…it is hardly surprising that the term evidence-based medicine is confusing to many, who do not appreciate that its evidence is narrowly defined as having to do with systematic observations from certain types of research. The very name has been an impediment to getting across its main objective, namely, that healthcare research is nowadays producing important results that, if applied, can benefit patients more than the treatments that clinicians are experienced in recommending. Using the technical definition of EBM, evidence from healthcare research is a modern, never-before-available complement to traditional medicine. Perhaps a better name would be "certain-types-of-high-quality-and-clinically-relevant-evidence-from-health-care-research-in-support-of-health-care-decision-making"…an accurate but mind-numbing descriptor .
It is important to be clear on just what emerges from “systematic observations from certain types of research” and what it means to base treatment decisions on this type of evidence. Most research studies provide estimates of measures of effect expressed in statistical terms with ranges of uncertainty associated with these estimates. They are claims to truth, but not necessarily true, nor inevitably applicable in any individual case. Evidence has probative status, but can be overturned, displaced, or superseded in light of new findings. The probabilistic demonstration of an effect does not translate into the necessity of this effect occurring in any particular case at hand.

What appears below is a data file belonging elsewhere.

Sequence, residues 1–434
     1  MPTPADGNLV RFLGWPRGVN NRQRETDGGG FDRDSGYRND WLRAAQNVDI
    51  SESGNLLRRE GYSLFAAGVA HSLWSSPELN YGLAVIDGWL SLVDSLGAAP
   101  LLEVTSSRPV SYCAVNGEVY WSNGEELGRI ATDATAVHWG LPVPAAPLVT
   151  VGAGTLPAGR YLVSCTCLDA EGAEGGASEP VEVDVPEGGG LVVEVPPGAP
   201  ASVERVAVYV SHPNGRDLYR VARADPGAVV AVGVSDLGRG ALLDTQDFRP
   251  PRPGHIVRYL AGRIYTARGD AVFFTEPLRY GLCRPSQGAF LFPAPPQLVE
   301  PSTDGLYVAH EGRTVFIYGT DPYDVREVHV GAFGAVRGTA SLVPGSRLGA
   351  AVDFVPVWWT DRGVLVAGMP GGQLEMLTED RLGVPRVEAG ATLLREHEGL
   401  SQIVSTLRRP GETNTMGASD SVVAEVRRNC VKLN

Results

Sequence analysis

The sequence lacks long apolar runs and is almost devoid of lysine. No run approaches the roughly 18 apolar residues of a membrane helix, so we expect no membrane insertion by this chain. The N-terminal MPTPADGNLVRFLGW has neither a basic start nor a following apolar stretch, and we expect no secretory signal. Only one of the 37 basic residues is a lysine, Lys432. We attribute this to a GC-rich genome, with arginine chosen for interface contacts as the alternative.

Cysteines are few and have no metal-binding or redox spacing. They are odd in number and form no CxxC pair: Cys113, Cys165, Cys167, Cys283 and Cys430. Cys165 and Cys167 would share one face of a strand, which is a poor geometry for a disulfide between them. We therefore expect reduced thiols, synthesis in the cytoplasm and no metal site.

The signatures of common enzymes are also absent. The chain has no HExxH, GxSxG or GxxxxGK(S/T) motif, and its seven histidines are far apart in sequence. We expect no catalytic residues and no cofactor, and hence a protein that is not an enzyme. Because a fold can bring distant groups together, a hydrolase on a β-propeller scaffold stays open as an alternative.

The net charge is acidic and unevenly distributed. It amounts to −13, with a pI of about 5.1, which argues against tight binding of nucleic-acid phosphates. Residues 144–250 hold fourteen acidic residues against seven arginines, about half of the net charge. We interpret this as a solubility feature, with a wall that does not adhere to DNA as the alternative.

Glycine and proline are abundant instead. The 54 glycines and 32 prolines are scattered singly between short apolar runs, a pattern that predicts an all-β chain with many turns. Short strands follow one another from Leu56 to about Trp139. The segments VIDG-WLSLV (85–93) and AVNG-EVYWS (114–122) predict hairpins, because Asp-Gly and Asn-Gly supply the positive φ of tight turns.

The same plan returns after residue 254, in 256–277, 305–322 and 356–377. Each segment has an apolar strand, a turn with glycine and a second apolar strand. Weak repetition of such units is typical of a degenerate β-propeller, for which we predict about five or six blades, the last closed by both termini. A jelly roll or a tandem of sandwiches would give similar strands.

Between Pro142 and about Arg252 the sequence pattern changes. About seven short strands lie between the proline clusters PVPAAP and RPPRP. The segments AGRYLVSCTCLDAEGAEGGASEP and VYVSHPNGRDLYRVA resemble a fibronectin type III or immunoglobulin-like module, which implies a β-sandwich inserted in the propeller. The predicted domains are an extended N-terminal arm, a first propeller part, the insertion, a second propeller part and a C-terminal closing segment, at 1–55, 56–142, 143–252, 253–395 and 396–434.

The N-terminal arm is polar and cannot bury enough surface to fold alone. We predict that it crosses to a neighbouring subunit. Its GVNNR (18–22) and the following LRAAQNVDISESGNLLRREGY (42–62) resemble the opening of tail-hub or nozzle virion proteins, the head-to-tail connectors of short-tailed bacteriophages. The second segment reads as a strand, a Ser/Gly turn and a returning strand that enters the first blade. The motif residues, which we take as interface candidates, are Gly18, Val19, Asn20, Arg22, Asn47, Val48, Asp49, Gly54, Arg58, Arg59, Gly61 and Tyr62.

In essence, evidence—narrowly defined or not—is a provisional departure point in the consideration of whether or not a particular course of action is to be taken in any clinical context.
There are other properties of evidence worth considering. Access to evidence is not equally available to all specialties in medicine and health care. Ethical considerations dictate that certain types of evidence never be available (an idea most famously captured by R.A. Fisher’s assertion that no randomized controlled trial could be performed to assess the harm due to cigarettes) . There will always necessarily be significant swaths of uncertainty and large “grey zones” in practice [7, 8].
Integrating Evidence and Ethics
In my interpretation, evidence-based approaches are one manner by which to manage uncertainty. Uncertainty has various dimensions. One dimension stems from lack of knowledge when knowledge is available, and EBM seeks to inculcate lifelong learning strategies to reduce this. The more significant sense of uncertainty relates to incomplete knowledge. Research attempts to fill or reduce this incompleteness—however, this is an eternal undertaking.